Can I trademark the name of an event?  Yes, you can.

Annual events, such as fundraisers, art festivals, hackathons, and trade shows, are valuable brands.  The last thing you need is a competing even stealing your name and confusing your customers.  Consider registering a trademark for your event.

How To Trademark An Event Name

While you cannot trademark the activities that occur or the topic of the event, you can trademark the name.

These are the requirements:

  1. The name must be distinctive.  No other events are using this name.
  2. The name must be original or creative.
  3. The event must have a national audience for  a federal trademark.

You cannot trademark a generic, purely descriptive term, such as “Electronics Trade Show” or “Annual Garden Show” since many events use variations on these common terms.

In addition, except in rare circumstances, you cannot trademark a name that is purely geographical.  For instance, Pennsylvania Farm Show, Houston Tech Show, or New York City Art Festival

What Part Of An Event Can I Trademark?

You can trademark:

  • Name of the event
  • Logo
  • Slogan

If your event is a national event (draw attendees from more than one state), it is considered to be in commerce.  You can apply for a federal trademark.

If your event is solely a local or regional event in a single state and you do not draw attendees from other states, you will not qualify for a federal trademark.  Instead, apply for a state trademark.

You cannot trademark:

  • the activities that occur
  • the physical layout of the event
  • the agenda/order the activities occur
  • the concept of the event

For example, you cannot trademark the racecourse layout of a marathon.  You cannot trademark the order of events of a pentathlon.

When Should I Trademark My Event?

Trademarks are valuable assets.  They can have monetary value to your brand.  People associate certain events with certain organizations.

“Relay for Life” symbolized the American Cancer Society.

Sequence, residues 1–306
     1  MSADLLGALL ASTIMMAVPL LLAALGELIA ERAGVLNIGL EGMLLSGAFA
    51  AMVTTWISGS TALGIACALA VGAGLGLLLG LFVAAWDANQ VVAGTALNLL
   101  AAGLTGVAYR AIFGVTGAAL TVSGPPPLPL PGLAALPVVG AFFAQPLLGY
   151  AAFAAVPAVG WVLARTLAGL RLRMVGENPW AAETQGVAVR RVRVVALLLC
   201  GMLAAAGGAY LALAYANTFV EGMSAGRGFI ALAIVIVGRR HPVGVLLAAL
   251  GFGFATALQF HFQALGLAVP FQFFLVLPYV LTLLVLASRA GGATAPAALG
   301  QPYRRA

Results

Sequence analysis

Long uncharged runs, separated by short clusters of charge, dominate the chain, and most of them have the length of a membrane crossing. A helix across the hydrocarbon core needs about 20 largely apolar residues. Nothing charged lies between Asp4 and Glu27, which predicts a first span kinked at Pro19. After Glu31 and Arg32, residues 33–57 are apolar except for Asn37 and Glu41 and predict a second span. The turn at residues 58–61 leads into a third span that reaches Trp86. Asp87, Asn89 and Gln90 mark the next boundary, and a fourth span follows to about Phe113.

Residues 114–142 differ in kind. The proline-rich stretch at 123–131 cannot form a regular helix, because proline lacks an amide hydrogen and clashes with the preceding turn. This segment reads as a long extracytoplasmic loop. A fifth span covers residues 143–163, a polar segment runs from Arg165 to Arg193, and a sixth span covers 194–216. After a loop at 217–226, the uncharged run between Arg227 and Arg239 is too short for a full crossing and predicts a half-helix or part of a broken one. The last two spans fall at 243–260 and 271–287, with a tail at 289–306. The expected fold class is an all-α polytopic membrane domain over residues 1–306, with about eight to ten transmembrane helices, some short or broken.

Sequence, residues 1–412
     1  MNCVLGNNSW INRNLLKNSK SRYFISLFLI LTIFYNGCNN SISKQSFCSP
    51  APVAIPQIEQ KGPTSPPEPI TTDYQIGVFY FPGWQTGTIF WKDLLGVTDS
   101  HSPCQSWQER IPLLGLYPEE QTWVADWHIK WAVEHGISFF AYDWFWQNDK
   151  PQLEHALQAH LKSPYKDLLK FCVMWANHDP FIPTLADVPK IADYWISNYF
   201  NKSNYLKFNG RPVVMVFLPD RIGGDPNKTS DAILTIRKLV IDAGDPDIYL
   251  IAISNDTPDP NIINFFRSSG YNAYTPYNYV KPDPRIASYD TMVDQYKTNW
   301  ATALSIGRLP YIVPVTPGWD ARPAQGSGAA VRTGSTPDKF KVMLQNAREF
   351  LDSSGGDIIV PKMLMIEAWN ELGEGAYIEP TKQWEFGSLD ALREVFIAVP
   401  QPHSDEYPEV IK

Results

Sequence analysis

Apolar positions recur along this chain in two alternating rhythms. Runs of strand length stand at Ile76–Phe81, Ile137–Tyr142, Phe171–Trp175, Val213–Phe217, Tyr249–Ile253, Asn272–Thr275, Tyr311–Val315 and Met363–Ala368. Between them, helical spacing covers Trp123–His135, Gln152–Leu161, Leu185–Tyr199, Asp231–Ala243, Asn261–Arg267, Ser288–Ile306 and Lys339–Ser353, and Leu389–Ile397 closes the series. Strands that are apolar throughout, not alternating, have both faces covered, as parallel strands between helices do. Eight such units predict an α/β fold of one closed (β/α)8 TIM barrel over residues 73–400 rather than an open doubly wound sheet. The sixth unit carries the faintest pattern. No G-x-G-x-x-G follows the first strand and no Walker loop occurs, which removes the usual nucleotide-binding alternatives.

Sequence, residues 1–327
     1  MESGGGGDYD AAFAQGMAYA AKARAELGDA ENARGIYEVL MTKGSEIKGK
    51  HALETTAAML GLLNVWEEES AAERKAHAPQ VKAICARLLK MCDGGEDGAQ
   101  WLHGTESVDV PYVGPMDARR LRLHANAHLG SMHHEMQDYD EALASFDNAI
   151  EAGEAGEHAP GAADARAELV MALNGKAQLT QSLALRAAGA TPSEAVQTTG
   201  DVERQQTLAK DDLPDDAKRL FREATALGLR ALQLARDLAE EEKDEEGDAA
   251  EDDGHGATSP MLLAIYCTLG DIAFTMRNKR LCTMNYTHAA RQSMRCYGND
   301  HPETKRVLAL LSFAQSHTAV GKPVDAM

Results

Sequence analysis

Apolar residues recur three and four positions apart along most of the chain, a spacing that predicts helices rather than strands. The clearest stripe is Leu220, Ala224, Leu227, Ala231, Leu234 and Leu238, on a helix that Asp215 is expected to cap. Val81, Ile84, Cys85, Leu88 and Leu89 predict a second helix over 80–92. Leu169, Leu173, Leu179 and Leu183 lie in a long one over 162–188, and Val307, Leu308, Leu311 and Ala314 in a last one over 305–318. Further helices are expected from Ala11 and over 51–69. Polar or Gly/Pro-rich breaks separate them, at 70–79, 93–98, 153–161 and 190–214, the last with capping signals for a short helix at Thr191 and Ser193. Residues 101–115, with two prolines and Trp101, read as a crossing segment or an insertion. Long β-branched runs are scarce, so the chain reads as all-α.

TED Talks symbolizes short, authoritative, current educational talks.

Ironman symbolizes a particular, competitive, physically-demanding event.

Event trademarks are best suited for those interested in building a brand associated with a specific, recurring event with a national audience.

Think:  an annual fundraising or revenue-generating competition or conference.

In those cases, I recommend you trademark your idea to avoid copycats and brand dilution.

What Can I Do If Someone Uses My Trademark?

As with any trademark, you can defend your trademark in a variety of ways.

The first step is usually a polite cease-and-desist letter.  Often, event organizers are not aware that your event name is trademarked.  They just borrow an idea they found on the internet.

If that does not work and the infringement continues, you can file legal actions to stop the infringement.

I advise vigorously defending your trademark.  If you allow businesses to use your trademark without permission, you risk losing your rights to that trademark.

Lastly, there is an option to license your brand name.  This option can be appropriate if the competing event is similar to yours in theme, activities, customer base, style, and feel.  However, the competitor is willing to follow your brand guidelines.

Concerto Law Will Register Your Trademark

Still need convincing . . . read this post on Why Should I Register Trademark and 4 Benefits of Protecting Your Business’s Intellectual Property.

If you invest the time and energy to put on an annual (or bi-annual) event, take a moment to protect your brand.

Call Concerto Law .  We will give you an honest assessment of whether your event name is eligible for a trademark.  If it is, we made the trademark process simple, quick, and painless for you.

Call us today at (814) 706-1288